Second-year Youth Development Leadership student, Laurel Anderson, returned to the Clemson University campus for the 2007 College Research Forum as part of the curriculum requirements of the Youth Development Leadership Online Master of Science program. Her research project topic is, Assessing the Out-of-School Time Needs and Interests of Teens in Ventura California.
During the Forum's Poster Session, Laurel and other Youth Development Leadership Cohort students shared their thoughts about their Masters Degree.
Q: In the beginning, what interested you in Clemson's Master of Science in Youth Development Leadership program?
A: I always knew I wanted to work with youth and landed a position at Boys and Girls Club in Monterey County [CA] in the homework room. I began to realize that despite all the positives resulting from the dedicated efforts of everyone working with the youth, there was still a need for a deeper understanding of youth development. While scanning the Boys and Girls Club Professional Development materials I found an ad for the Youth Development online program at Clemson University. Until then, I hadn't realized Youth Development was a field of study on the graduate level. I saw the program as a way for me to obtain the theory and formalized training in addition to my experience; and, I also wanted to be able to speak with an amount of authority when addressing issues concerning youth. So, I contacted the program director.
Q: Did you know anything about Clemson University prior to seeing the ad?
A: No. I knew "zero." I had heard the name before but didn't know where it was or even if it was a good university...I had absolutely no idea.
Q: What has this program offered that you could not have gotten elsewhere?
A: Online programs are usually very isolating and impersonal. You read the text, write the paper, take the test; but this program has an initial 3-day face-to-face orientation, integrating essential team-building exercises and social activities that bond the Cohort. So, when we return to our various locations around the country and are left to the online agenda, we are able to not only hear the voices and read the online discussions, but we also have faces and personalities to attach to each Cohort member. Another advantage of our online course is that we can participate in a first-rate program while maintaining our livelihoods and lifestyles.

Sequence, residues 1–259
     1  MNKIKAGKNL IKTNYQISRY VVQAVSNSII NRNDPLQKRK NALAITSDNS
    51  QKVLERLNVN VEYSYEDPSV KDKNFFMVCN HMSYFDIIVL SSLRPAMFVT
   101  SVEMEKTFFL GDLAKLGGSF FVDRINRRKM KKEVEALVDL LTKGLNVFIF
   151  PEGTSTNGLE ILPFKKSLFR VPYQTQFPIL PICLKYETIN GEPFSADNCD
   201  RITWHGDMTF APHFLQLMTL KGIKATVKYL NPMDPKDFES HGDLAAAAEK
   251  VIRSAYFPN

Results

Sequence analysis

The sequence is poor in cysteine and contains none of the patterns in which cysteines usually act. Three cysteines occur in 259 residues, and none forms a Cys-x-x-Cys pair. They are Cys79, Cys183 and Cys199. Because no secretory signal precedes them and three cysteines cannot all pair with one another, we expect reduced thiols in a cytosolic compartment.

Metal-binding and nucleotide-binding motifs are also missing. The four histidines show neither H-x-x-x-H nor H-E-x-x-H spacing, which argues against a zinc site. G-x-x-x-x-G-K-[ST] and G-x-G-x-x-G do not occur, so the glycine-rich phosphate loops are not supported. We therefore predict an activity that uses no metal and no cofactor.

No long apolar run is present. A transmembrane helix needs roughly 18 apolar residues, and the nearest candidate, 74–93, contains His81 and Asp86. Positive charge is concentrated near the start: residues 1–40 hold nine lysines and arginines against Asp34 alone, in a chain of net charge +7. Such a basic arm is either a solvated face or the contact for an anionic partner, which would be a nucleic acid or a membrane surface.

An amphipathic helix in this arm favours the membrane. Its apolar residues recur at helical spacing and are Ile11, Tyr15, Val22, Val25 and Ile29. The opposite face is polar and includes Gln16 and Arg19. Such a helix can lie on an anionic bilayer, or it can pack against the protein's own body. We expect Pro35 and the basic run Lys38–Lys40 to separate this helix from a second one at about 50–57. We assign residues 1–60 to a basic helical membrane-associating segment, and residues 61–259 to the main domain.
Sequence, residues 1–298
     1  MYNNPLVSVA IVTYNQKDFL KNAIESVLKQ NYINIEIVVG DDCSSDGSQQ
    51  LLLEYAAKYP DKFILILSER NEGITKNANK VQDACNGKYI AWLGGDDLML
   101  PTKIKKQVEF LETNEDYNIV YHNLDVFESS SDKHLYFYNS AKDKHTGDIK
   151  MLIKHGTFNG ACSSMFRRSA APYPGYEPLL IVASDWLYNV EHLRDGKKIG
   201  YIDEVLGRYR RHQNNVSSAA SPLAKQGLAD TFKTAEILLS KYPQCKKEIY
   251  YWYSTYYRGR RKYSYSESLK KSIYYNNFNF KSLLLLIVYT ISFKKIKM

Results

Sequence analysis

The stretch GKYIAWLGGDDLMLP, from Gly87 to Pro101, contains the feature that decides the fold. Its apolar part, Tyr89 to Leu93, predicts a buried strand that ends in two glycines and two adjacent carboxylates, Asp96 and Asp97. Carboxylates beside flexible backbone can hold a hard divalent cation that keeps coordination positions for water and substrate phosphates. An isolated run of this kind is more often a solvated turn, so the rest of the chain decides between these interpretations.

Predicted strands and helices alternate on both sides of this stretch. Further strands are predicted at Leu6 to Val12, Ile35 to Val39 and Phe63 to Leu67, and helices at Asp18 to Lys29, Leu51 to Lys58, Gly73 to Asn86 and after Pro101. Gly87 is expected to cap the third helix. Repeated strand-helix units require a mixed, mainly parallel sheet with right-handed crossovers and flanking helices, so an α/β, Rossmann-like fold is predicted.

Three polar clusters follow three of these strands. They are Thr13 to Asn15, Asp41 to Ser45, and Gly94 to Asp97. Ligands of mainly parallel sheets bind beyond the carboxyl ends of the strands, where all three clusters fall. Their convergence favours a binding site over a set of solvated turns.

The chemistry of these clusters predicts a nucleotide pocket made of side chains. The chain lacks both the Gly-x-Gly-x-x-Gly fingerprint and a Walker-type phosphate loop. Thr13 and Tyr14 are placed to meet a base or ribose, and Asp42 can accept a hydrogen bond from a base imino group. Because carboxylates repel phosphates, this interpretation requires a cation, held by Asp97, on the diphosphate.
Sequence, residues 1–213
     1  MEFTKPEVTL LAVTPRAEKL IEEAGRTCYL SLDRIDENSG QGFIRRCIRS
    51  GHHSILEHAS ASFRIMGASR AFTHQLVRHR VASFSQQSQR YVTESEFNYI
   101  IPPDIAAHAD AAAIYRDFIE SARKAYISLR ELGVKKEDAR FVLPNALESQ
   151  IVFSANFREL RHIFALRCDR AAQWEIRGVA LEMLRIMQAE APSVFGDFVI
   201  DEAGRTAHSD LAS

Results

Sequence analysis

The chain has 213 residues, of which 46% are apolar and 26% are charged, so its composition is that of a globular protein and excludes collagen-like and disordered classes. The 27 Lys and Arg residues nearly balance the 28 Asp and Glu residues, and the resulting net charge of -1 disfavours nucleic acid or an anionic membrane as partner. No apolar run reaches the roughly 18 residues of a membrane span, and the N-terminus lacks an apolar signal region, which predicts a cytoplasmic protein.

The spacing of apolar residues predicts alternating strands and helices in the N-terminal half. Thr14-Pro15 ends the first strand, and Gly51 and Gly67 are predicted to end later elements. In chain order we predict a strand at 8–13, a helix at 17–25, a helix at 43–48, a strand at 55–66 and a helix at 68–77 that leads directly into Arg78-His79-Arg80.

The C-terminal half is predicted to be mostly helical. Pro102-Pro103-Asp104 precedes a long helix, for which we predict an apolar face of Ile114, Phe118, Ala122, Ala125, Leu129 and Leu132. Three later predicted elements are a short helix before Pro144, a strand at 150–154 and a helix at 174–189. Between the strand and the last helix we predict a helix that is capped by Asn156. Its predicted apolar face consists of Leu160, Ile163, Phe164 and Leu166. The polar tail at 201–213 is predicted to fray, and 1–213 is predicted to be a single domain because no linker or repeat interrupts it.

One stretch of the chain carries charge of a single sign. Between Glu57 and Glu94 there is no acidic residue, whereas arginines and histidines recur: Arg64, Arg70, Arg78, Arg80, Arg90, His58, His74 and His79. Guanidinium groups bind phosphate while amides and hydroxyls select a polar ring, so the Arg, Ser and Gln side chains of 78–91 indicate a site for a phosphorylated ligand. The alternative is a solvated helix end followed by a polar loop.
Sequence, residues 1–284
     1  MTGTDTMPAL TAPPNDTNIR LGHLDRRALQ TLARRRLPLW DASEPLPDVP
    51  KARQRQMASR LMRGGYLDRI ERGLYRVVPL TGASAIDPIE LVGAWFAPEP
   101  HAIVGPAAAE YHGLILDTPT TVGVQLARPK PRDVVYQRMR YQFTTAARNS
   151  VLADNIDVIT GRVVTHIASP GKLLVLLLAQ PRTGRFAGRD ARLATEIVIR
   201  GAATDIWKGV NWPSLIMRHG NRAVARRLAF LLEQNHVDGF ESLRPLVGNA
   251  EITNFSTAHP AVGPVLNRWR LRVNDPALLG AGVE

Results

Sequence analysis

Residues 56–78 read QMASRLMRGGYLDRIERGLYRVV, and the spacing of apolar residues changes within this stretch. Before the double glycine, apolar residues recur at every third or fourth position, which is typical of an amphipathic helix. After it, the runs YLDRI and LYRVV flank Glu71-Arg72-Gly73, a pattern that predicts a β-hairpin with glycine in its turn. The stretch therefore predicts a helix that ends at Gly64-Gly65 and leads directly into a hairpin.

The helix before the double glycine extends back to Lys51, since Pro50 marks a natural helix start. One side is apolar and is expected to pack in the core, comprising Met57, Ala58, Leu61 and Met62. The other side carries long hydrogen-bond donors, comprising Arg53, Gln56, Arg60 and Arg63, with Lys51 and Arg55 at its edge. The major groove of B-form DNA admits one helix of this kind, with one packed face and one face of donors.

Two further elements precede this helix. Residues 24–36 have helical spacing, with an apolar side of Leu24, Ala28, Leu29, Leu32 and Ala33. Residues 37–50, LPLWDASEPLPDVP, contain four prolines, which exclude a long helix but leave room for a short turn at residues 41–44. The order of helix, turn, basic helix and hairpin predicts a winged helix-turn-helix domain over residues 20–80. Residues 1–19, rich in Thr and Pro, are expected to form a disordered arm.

Diversity plays an important role in this program. We have the advantage of incorporating formalized learning with the combined years of expertise and acquired knowledge of fellow Cohort members who hold positions in youth-serving agencies and organizations across the country. In our Cohort, we represent a number of professions including teaching, camp counseling, faith-based organizations, clinical day programs, department of social services, and university extension to name a few.
When you factor in a top-ranking University like Clemson and esteemed instructors who are recognized experts in their respective areas of study, you've got to know that you're getting the best education experience, hands down.
Q: What will the degree do for you?
A: Currently, I'm working to start a program to develop leadership skills among the youth in my community. With my interests in out-of-school time and youth involvement in community development, my goal is to be a "loud advocate" for teens and all youth. I want to shift the culture of my community and build a broader focus on youth development so that they [youth] can become productive, contributing community members. The MS Degree gives outside validity and credibility to my advocacy efforts. I am confident in knowing that I have formal, specialized education and training based on sound theory, proven research models, and hands-on experience as my foundation for implementing youth development strategies.
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